Jessica Morrison (02:03):
Sex education in schools has undoubtedly changed a lot over the decades. Does your research suggest that it needs to change more?
Dr Jacqueline Hendriks (02:11):
I think it's a lot broader than what it was when I first came into this space. I think I started off really wanting to work in sex education, because I felt it is important to reduce rates of sexually transmitted infections and unplanned pregnancies. But obviously there's a whole range of issues that young people need to navigate as they engage in various sexual encounters. So with the expansion of sexting and access to online materials, being able to navigate that space safely, being able to engage with each other respectfully is really important. But we also know that we've got very high levels of family domestic violence and intimate partner violence that happen in Australia. So being able to give young people skills to navigate that as well, because they might be experiencing that at home, might be something that's happening in their families, or giving them the skills to be able to navigate relationships for themselves so that they can be as respectful as possible.
Dr Jacqueline Hendriks (03:07):
And we also know that we've sadly got very high rates of child sexual abuse as well that happens. So it's a topic that we probably used to ignore and we need to spend more time focusing on as well.
Amelia Searson (03:19):
It's so important to equip students and young people with all of those skills. I know that I'm currently doing an intro to sexology unit here at Curtin, which I would definitely recommend, if anyone has the opportunity to do it, then definitely do it. And I'm learning things now about myself and about just humans and sexuality and everything that I really should have known when I was a lot younger. So as you say, it's so important to actually make sure that we're equipping young people with the skills that they need to function, really.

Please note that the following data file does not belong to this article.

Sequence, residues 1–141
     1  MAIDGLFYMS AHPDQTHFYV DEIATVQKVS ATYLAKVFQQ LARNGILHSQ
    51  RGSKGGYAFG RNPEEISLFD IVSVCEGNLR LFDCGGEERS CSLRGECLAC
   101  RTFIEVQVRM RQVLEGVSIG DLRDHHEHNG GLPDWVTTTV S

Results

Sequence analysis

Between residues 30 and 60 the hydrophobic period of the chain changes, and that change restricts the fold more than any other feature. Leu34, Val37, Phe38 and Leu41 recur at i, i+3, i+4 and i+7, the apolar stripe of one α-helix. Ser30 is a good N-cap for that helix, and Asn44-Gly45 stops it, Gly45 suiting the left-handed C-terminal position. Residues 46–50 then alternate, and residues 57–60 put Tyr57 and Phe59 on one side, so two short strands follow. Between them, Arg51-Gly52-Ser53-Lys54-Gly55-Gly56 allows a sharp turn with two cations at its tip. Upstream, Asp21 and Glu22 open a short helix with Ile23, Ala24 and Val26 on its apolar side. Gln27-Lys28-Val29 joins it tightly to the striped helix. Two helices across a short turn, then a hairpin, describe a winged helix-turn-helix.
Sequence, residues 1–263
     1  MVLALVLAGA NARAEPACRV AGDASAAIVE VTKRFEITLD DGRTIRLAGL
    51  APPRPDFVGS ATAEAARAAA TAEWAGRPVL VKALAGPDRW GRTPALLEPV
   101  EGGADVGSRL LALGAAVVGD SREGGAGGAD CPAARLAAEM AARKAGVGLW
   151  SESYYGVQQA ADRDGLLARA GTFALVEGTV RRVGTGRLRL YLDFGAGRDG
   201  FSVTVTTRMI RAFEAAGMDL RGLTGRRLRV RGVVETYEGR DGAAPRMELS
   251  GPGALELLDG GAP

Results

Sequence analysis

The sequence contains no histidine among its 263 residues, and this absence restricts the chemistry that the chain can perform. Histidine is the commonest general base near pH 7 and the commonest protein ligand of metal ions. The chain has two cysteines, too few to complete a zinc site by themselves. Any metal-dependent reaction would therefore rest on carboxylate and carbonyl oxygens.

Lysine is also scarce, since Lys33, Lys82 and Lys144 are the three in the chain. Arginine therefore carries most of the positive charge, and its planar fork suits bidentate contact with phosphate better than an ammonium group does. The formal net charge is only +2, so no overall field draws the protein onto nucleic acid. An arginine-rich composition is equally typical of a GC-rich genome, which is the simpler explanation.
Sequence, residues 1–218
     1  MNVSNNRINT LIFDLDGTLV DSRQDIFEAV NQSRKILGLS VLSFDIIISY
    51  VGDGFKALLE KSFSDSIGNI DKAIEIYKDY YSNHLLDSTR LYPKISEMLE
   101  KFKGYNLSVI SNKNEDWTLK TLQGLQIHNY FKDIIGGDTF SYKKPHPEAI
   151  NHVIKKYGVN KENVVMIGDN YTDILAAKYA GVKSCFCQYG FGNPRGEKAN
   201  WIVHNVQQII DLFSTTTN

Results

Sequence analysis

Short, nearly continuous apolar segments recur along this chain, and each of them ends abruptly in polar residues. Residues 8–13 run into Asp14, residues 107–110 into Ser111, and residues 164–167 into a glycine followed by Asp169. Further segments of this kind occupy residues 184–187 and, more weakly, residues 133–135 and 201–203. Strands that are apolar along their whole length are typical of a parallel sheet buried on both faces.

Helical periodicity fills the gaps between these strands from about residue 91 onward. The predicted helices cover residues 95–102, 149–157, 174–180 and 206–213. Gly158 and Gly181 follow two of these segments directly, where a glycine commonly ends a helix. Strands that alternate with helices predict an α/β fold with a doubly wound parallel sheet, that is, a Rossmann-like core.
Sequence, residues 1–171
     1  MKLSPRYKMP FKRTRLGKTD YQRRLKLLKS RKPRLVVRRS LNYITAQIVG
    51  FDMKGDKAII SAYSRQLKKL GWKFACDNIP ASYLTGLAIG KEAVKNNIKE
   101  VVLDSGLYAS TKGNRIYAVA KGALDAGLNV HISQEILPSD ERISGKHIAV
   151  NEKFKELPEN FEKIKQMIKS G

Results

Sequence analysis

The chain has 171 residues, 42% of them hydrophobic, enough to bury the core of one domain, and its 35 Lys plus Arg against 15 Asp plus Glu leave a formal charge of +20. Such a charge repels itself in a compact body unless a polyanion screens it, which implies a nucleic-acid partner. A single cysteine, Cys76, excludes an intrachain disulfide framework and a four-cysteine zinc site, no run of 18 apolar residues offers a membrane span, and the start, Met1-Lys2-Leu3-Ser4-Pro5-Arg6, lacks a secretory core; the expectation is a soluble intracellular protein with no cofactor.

Dr Jacqueline Hendriks (03:46):
Yeah, and I think by teaching them about this is not necessarily going to encourage them to go off and do a whole range of diverse, different things. It's just giving young people an appreciation of the diversity that's out there, and giving them the full science and all of the evidence that they can make the safest decisions for themselves.
Amelia Searson (04:03):
And, Jackie, how do cultural differences and religious doctrine in schools impact sex education, do you think?
Dr Jacqueline Hendriks (04:10):
So they can make things a little bit difficult in certain aspects, but I wouldn't say that across the board schools from a cultural background or with a significant number of culturally diverse kids are doing a bad job. I think there's wide variability across the country about how this is done, and it's not due to a particular cultural ethos or religious background. It's just an extra facet that needs to be considered in the education. So again, it's giving the full evidence, but also being able to deliver it in a respectful way that acknowledges that cultural background or that religious background. And I think bringing that conversation into the lesson is really important. So saying to the students, "Here's all the full suite of contraceptive options that are available to you. But due to our religious beliefs or due to our cultural background, we feel students should be practising these particular methods", for example.